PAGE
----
Recently, many people in the functional programming community, and specifically in the Scala community, seem to follow the trend of solving their programming problems with more and more fancy abstractions and techniques. If in doubt, we throw a monad at the problem, and if that’s not good enough, we’ll make it free. Naturally, to top it off, we have to sprinkle the whole thing with some type-level programming, because this is common courtesy these days.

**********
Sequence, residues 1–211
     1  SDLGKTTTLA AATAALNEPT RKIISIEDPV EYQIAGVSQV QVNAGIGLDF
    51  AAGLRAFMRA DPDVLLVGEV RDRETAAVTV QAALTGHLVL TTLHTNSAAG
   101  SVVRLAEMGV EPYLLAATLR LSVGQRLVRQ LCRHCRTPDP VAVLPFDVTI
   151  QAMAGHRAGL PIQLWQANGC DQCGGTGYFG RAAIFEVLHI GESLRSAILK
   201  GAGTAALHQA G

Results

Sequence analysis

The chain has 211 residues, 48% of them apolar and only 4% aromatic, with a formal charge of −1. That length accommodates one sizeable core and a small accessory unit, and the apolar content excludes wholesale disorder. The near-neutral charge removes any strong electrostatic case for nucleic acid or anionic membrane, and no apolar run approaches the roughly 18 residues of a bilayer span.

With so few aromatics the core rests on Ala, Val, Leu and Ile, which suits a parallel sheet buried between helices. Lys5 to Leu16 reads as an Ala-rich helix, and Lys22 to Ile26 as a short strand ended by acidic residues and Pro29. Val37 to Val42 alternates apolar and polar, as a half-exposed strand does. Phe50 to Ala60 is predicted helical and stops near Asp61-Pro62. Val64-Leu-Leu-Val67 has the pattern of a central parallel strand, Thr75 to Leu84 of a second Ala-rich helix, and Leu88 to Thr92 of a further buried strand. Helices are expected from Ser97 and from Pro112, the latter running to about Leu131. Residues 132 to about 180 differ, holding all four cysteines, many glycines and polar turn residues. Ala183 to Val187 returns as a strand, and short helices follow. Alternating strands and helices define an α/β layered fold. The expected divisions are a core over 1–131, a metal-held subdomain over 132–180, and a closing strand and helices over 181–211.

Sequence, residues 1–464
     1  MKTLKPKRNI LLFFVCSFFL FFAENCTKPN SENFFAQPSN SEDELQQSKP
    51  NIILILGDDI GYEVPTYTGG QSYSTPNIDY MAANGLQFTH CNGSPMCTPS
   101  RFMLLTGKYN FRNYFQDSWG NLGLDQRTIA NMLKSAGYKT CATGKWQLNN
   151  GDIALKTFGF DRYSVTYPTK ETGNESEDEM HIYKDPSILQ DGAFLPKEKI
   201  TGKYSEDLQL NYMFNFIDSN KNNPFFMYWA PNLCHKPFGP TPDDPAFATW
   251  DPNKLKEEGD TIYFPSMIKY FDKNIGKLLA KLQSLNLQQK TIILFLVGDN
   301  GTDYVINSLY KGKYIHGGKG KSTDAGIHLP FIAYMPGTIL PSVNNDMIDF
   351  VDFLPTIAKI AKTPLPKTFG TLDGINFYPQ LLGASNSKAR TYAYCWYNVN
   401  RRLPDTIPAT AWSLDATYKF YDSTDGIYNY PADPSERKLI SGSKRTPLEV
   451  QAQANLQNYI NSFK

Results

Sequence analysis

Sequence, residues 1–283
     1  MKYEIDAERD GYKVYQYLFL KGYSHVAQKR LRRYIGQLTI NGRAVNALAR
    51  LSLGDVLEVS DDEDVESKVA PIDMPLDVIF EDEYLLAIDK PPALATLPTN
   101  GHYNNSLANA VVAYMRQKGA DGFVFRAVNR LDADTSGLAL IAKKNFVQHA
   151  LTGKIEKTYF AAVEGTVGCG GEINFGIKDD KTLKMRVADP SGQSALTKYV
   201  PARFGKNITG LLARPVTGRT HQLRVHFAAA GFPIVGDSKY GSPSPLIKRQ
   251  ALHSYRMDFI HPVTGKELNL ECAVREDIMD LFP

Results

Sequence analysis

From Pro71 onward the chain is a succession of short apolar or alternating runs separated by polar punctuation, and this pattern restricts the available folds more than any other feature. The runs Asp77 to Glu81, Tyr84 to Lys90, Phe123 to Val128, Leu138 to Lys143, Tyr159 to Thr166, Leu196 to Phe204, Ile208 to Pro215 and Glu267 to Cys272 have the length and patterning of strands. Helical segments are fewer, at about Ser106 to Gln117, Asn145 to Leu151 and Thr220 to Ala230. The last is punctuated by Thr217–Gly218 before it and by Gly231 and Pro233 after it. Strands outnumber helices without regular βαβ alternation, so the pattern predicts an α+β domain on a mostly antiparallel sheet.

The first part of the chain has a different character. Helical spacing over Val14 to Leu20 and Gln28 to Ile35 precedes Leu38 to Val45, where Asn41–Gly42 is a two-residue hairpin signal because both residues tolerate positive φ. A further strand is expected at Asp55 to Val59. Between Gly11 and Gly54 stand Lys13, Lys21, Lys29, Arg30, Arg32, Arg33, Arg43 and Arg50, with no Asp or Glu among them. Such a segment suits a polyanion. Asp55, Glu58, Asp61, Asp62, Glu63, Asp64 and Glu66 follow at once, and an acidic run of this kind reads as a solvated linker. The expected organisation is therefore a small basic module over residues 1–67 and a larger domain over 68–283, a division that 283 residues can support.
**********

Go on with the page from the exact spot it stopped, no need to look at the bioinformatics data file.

In this talk I want to challenge some of the fundamental assumptions of how we think and work. With all our sophisticated engineering, are we actually solving the right problems? Are we rushing towards technologically exciting solutions too quickly? How much of the complexity in our software is inherent in the problem domain, and how much of it is of our own making? We may have honorable intentions, but do our solutions come at an acceptable price? Maybe it’s time to slow down, think about what the problems we have to solve actually are, and how to do so in the simplest way possible.